Epizootic


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epizootic

[¦ep·ə·zō¦äd·ik]
(veterinary medicine)
Affecting many animals of one kind in one region simultaneously; widely diffuse and rapidly spreading.
An extensive outbreak of an epizootic disease.
McGraw-Hill Dictionary of Scientific & Technical Terms, 6E, Copyright © 2003 by The McGraw-Hill Companies, Inc.
The following article is from The Great Soviet Encyclopedia (1979). It might be outdated or ideologically biased.

Epizootic

 

a widely spreading contagious disease (infectious or infestatant) of animals, with morbidity far in excess of that ordinarily (sporadically) observed in a particular locality. The study of epizootics is called epizootiology.

An epizootic is characterized by the steady spread of an infectious disease and a microbe-carrier state among animals. An epizootic can occur only in the presence of a number of interdependent elements that constitute an epizootic chain: the source of the causative agent (a diseased animal or animal microbe-carrier), live transmitters or environmental factors conducive to infection, and susceptible animals. The outbreak and spread of an epizootic are influenced by geographic, climatic, soil, and other environmental conditions and economic factors, including agricultural conditions, as well as social upheavals, such as war or economic crisis. The nature and duration of an epizootic vary depending on the means of transmission of the causative agent, the length of the incubation period, the ratio of diseased to susceptible animals, the conditions under which animals are maintained, and the effectiveness of the countermeasures.

Epizootics of certain diseases may occur periodically, usually every few years. They tend to break out seasonally and to have specific stages of development. All of these characteristics are most evident when the epizootic progresses spontaneously. Intervention by man, specifically the use of countermeasures, as in the USSR, to a considerable degree prevents the spread of epizootics.

The Great Soviet Encyclopedia, 3rd Edition (1970-1979). © 2010 The Gale Group, Inc. All rights reserved.
References in periodicals archive ?
Epizootic haemorrhagic disease virus in Reunion Island: evidence for the circulation of a new serotype and associated risk factors.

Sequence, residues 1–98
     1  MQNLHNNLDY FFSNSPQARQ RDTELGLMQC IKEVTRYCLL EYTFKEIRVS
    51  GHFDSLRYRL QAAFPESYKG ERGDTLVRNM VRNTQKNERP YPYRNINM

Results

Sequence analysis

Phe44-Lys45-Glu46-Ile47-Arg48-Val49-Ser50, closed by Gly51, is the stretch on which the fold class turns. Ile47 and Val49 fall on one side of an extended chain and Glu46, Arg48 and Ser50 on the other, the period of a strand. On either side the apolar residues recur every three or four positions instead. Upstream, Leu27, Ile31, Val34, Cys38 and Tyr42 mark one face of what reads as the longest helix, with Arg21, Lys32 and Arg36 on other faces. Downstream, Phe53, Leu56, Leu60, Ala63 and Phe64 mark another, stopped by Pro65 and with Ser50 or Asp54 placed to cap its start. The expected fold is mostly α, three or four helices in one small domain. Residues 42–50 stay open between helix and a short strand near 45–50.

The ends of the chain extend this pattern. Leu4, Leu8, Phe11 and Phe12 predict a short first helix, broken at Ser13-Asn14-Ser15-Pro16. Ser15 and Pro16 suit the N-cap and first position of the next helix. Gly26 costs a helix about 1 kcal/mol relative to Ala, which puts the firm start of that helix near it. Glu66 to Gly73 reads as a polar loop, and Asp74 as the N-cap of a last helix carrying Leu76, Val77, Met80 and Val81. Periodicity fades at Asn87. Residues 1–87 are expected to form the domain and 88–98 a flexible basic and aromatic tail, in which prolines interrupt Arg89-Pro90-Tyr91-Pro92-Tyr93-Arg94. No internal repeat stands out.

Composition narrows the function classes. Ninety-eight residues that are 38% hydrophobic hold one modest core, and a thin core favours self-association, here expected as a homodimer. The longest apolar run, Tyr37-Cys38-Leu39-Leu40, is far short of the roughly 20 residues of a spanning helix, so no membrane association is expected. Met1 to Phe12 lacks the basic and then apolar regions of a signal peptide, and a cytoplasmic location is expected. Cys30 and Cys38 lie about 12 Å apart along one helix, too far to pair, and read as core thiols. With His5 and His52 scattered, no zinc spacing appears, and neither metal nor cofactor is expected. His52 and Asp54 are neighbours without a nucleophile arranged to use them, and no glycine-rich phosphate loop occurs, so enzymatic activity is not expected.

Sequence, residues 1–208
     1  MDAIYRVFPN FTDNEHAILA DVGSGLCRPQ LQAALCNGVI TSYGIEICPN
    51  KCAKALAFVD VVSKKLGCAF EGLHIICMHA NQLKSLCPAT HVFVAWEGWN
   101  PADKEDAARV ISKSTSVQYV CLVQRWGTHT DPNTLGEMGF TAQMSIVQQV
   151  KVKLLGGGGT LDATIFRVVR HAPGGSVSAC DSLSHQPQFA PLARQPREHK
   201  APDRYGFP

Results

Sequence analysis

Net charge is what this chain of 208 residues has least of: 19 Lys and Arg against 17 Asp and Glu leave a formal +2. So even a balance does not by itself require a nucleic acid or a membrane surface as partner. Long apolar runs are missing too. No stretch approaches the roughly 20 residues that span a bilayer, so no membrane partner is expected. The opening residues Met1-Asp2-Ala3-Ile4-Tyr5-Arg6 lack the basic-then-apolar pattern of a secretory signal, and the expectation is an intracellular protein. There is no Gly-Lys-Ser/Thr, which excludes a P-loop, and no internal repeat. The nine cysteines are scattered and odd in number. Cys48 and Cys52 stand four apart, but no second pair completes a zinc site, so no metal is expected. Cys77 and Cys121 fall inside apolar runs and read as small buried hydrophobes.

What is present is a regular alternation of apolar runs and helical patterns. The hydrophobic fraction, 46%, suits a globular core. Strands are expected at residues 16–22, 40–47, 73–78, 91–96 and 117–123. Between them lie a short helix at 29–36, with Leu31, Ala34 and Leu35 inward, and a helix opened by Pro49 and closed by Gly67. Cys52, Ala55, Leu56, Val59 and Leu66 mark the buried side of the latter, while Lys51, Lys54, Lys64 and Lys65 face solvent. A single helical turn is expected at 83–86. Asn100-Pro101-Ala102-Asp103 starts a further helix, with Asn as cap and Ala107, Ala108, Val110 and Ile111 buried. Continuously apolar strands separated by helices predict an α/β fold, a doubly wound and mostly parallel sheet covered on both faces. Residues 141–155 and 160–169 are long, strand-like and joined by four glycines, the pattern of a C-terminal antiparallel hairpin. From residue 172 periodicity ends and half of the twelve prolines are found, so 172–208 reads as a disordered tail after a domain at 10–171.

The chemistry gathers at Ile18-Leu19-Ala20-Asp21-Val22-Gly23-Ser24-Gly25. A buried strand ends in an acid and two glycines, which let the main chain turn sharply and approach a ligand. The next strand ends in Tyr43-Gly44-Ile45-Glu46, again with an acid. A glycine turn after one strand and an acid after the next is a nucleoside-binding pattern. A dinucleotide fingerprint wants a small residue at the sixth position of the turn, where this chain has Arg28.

There were no outbreaks of acute infectious diseases registered in Kyrgyzstan, the epizootic situation, including foot and mouth disease, is prosperous", the State Inspectorate assured.
Secondly, because some termite cadavers were showing signs of bacterial growth, we hypothesized that the colony may have succumbed to a bacterial epizootic. We isolated 4 strains of bacteria (Gram-rods, Gram + Coccobacillus, Gram + rods, Gram + Bacillus, identification according to Holt et al.
An epizootic is the classic manifestation of plague where there is a progressive but rapid demise of large numbers of susceptible hosts and bystander species in large areas.
Of the 983 serum samples, 798 were collected from epizootics involving low and high pathogenic H7N1 viruses, and 185 were collected from epizootics caused by a low pathogenic H7N3 virus.
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Although virus activity was detected for the first time in many southern states in 2001, the simultaneous appearance of two epizootic foci very early in 2001--one in the mid-Atlantic region and one in the southeast along the common borders of Florida, Georgia, and Alabama-suggests that WNV was introduced into the southern states by migrating birds in late 2000, but circulated at levels below the detection threshold of surveillance.
Having survived the foot-and-mouth epizootic with our 260 hill sheep we have experienced the tragedies arising from the computer modelling for the "control" of foot-and-mouth disease which was based on false or inaccurate assumptions.
An epizootic of Florida manatees associated with a dinoflagellate bloom.
"Health care providers in areas with documented epizootic activity should consider West Nile virus infection in persons with suspected viral meningitis (especially among adults) or encephalitis (regardless of age)," the report stated.